This study was done in the Laramie Range of southeast Wyoming, near the regional boundary of aspen's range. Here, aspen is restricted to drainages and seepages where soils are moist, and forms groves that may be quite extensive in one direction (along the drainage), but are always narrow. Other, disjunct, groves are small. Our goal is to determine if the groves that are present on the landscape represent clones. Armed with this information, we will speculate on the reproductive mode of aspen in this area, past environmental conditions, and whether aspen is currently expanding or contracting.
We selected two groves at or very near Blair Picnic area (arial view shown right) in the Pole Mountain unit of Medicine Bow National Forest, approximately 21 km southeast of Laramie, WY, and 48 km west of Cheyenne, WY, elevation 2458 m. The larger of the two groves, named Bertha (B; 41°11'19.8"N 105°23'35.88"W) is located directly south of, and adjacent to, the picnic ground. The smaller grove (Grandmother's grove, G; 41°11'16.58"N 105°23'33.23"W) is southeast of Bertha, separated by approximately 13 m of open space. Both groves are located on the east side of the creek valley, and are bounded to the west by wet meadow and to the east by sagebrush and grass covered hills.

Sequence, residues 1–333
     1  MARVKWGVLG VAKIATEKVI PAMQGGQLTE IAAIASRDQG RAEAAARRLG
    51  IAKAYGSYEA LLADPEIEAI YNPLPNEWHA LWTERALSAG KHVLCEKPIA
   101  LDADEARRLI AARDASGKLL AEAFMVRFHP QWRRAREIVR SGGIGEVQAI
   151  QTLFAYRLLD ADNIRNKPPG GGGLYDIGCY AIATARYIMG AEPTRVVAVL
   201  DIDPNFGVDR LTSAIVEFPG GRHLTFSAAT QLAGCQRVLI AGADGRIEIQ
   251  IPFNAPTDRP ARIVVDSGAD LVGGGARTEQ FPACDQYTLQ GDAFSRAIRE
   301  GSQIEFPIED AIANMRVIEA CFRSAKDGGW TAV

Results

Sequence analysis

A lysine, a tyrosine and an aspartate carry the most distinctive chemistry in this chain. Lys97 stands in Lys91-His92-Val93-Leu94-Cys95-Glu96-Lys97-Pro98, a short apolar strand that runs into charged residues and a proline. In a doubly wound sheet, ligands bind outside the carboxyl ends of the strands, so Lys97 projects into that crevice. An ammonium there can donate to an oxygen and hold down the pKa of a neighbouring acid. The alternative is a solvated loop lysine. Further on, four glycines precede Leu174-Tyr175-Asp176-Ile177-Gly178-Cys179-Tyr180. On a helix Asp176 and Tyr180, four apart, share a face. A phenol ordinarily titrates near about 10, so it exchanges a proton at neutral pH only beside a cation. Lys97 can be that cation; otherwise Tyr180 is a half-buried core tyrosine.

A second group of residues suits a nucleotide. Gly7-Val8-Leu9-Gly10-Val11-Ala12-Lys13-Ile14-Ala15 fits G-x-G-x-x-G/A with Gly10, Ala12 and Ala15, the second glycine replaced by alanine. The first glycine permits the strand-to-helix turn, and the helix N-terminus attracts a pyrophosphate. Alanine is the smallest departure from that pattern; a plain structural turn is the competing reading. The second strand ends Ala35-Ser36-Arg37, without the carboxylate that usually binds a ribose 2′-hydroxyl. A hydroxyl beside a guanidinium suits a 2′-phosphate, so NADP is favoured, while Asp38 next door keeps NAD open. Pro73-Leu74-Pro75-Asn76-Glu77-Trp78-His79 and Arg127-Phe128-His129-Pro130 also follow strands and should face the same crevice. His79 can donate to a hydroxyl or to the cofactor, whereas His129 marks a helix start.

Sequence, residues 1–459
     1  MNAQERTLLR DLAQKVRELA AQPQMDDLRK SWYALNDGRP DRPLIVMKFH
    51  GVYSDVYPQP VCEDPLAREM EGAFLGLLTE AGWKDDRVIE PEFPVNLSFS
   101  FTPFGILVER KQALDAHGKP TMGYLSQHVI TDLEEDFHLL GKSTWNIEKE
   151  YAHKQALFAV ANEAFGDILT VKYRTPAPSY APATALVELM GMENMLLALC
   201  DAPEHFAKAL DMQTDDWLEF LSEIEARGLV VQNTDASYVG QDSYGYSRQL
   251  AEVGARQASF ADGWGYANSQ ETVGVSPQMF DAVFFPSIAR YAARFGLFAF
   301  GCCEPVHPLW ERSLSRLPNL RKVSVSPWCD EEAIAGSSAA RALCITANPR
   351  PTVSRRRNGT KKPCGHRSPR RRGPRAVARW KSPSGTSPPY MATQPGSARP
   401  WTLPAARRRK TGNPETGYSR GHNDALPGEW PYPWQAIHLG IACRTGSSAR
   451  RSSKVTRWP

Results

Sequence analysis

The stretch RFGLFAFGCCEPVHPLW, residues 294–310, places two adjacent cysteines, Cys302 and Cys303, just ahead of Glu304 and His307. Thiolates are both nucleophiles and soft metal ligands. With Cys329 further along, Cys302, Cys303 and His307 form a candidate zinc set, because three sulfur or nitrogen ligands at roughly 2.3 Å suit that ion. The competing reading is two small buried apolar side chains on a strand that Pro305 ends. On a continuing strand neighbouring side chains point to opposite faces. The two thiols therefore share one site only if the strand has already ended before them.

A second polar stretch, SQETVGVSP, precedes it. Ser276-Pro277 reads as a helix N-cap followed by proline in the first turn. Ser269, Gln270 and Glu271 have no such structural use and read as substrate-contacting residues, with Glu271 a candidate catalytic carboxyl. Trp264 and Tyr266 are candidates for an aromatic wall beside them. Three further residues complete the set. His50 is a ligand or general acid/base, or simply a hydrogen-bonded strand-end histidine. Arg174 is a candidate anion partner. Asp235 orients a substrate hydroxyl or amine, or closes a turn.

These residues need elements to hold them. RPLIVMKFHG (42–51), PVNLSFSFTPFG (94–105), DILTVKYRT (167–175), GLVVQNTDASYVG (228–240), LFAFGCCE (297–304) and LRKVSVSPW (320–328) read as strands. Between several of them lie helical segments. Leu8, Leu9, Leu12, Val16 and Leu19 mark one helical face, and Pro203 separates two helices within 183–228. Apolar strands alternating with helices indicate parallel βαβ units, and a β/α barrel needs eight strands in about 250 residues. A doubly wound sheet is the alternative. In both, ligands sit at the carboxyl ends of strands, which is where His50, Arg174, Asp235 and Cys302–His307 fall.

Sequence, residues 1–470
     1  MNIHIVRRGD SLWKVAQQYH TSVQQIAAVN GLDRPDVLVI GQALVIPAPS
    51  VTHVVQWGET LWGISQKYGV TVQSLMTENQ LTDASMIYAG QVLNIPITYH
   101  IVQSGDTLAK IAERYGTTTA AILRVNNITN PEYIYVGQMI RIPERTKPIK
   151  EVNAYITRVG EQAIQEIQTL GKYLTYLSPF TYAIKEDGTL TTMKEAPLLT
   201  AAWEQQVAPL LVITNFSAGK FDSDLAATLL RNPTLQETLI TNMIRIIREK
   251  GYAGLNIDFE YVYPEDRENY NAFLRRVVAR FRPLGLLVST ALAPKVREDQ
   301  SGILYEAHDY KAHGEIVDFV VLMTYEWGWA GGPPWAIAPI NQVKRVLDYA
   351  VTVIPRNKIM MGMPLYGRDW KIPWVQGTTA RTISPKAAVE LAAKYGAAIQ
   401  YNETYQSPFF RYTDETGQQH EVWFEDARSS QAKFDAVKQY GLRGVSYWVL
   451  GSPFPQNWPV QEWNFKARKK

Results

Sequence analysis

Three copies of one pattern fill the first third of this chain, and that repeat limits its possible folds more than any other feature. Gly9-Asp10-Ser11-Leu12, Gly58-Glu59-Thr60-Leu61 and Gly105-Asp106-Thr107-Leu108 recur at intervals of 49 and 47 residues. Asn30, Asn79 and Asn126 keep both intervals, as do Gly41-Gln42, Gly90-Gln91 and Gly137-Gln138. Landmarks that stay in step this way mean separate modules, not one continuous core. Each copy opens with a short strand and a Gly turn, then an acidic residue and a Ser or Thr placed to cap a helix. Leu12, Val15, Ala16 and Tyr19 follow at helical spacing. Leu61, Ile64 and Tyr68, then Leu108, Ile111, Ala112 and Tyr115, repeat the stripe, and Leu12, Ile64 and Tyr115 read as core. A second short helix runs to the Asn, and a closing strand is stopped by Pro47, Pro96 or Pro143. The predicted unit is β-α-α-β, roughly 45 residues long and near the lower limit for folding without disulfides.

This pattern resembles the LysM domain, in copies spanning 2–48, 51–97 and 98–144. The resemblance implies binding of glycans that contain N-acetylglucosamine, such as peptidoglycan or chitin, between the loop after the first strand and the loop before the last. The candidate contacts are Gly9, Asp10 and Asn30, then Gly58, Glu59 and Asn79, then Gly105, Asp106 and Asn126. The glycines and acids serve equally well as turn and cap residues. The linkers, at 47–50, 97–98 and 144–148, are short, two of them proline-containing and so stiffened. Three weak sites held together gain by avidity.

For each grove, the number of ramets was either counted (G) (shown below) or estimated (B), the size of the grove was determined, and three cores were taken. For coring, trees were selected to represent an age distribution, based on size, from old to young, though saplings were not included.